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How Governments Can Help Businesses Reach a Zero-Carbon Future

Co-Chair of We Mean Business

Sustainability is rising up the agenda of both businesses and governments. Hundreds of businesses now have ambitious emissions reduction plans, while several countries are declaring climate emergencies. 

The key to getting to a zero-emissions future has to be a collaboration of business and government action, with bold government policies accelerating business progress toward emissions reduction goals. Getting those policies in place now will mean a scaling up of business innovation and investment in zero-carbon solutions. 

10 Years Left

We have between seven and 10 years left at current levels of greenhouse gas emissions before we will have used up the remaining carbon budget to ensure global temperature rise does not exceed 1.5 degrees Celsius. In other words, this is the decade when we must turn the tide on climate change.  

The good news is that there is growing momentum in business. What we need to drive that forward is greater government ambition. Here are five signals of change that governments must get behind.

Set Bold Targets

Business is setting bold, science-based targets aligned with limiting global warming to 1.5 degrees Celsius, such as switching to 100% clean power and committing to 100% electric vehicle fleets.  

A few years ago at IKEA, we used 100% targets widely, from sourcing 100% of our wood from Forest Stewardship Council (FSC)-certified forests to using 100% renewable energy and 100% LEDs for our lighting business. These targets created certainty about what success looks like.  

Don’t leave people confused about whether you’re defending the status quo or backing the future. We need more governments to step up and align their policy ambition with climate science. This will give even more businesses the clarity and confidence they need to set ambitious enough targets and invest in the right ways to achieve them.

Business Can See Where the Future Lies

The future needs to — and will — look different from the past. It will be renewably powered with electric mobility, and we will be eating a more plant-based diet and living in smarter cities. 

Businesses are innovating and investing in these growth areas, and the ones that scale innovation fastest will play a key part in creating this future. Governments should focus on stimulating the outcomes required to win the fight against climate change with clear, long-term and legal frameworks. Many large businesses can and will transition their businesses by embracing new technologies, but there are also many businesses and sectors that are simply too carbon- or resource-intensive to transition.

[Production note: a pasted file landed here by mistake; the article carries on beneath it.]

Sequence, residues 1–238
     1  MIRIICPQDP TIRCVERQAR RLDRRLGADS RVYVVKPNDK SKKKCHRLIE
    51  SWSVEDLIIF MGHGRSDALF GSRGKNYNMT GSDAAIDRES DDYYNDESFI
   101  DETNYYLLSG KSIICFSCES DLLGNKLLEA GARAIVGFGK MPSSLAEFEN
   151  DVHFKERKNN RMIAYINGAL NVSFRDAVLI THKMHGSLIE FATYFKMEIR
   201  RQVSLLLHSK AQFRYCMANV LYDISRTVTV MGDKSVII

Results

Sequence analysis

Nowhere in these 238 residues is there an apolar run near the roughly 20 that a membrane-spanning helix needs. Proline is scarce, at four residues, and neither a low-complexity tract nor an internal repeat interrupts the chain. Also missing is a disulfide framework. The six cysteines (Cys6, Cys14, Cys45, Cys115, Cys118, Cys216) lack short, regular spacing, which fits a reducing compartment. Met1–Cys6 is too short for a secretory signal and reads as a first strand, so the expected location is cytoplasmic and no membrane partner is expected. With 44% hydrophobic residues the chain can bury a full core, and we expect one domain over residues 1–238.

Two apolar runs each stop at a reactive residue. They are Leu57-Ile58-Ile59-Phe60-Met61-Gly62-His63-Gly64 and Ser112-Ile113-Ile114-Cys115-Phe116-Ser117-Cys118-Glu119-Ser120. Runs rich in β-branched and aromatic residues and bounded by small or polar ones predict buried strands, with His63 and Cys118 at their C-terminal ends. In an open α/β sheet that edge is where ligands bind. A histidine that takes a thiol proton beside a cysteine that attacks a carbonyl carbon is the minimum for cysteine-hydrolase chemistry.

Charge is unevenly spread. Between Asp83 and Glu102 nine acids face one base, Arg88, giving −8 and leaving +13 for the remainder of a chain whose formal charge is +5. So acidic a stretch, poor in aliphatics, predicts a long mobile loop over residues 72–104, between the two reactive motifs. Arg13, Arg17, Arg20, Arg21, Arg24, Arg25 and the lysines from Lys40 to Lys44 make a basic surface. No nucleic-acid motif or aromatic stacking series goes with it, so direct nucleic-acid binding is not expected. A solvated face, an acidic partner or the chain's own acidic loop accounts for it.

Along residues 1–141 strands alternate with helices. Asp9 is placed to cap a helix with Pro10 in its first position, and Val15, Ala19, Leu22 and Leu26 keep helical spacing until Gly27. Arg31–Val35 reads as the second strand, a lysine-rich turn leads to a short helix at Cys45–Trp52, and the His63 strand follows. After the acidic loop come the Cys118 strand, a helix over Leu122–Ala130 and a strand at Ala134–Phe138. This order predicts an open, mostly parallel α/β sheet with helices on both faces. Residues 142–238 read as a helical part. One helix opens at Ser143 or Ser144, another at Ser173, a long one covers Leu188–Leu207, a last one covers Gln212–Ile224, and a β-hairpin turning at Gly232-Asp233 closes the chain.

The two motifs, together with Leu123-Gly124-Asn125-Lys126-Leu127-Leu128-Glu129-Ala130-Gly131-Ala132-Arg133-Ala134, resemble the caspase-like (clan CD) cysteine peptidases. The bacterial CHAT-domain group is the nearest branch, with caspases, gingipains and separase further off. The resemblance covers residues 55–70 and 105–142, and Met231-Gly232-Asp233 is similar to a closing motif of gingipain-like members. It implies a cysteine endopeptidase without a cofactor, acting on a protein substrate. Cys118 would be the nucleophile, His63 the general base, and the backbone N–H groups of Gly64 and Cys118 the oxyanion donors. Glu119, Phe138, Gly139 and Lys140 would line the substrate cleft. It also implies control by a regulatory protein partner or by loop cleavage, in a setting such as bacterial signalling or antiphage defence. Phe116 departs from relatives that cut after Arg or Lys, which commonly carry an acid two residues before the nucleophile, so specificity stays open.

Governments need to find ways to back the sustainable innovators, as these will become the job creators of the future.

We cannot afford to defend legacy businesses through perverse subsidies and incentives; alongside clear long-term policies on climate, we need transition plans that support those workers and communities that will be affected. 

Put a Price on Pollution

Most businesses welcome some form of carbon-pricing; many have voluntarily implemented their own internal carbon price to help drive their focus toward low-carbon solutions. 

National carbon prices would help give a clear economic signal about the direction of travel and help shift investment flows in that direction. 

Procurement Policies Drive Emissions Reduction 

A growing number of businesses are using their procurement practices to drive emissions reductions and make their businesses more resilient to the impacts of climate change. More than 200 companies have committed to 100% renewable electricity through RE100. They are generating demand equivalent to the 21st largest electricity consumer in the world and using more power than South Africa.

Businesses are also supporting hundreds of millions of hectares of sustainably certified forestry through the FSC or are driving fair and living wages through their supply chains. Certification has become widespread, from the Marine and Aquaculture Stewardship Councils for fish to the Better Cotton Initiative

The Sustainable Trade Initiative (IDH) has launched collaborative approaches to bring retailers and others together to improve wages in agricultural sectors. There is significant scope for more, and governments can lead by example by implementing procurement policies that favor low-carbon products and services.

Sustainable, Disruptive Businesses Are the Job Creators of the Future

Large incumbent businesses have significant power. Many use that to good effect (witness Google and Apple’s commitments to renewable energy); however, throughout history, when threatened, businesses can fight hard to resist change. Tobacco is just one obvious example.  

Governments need to find ways to back the sustainable innovators, as these will become the job creators of the future. We still have time to make the progress that is needed this decade. With bold and clear policymaking from governments coupled with growing action from business, we can accelerate the wholesale transformation of the economy. There’s no time to lose.  

Stephen Howard

Co-Chair of We Mean Business

Stephen Howard is the co-chair of the We Mean Business board and former chief sustainability officer at IKEA. Prior to IKEA, Steve was founder and CEO of The Climate Group, a global NGO that has built networks of cities, states, regions, and businesses committed to a net-zero carbon world.

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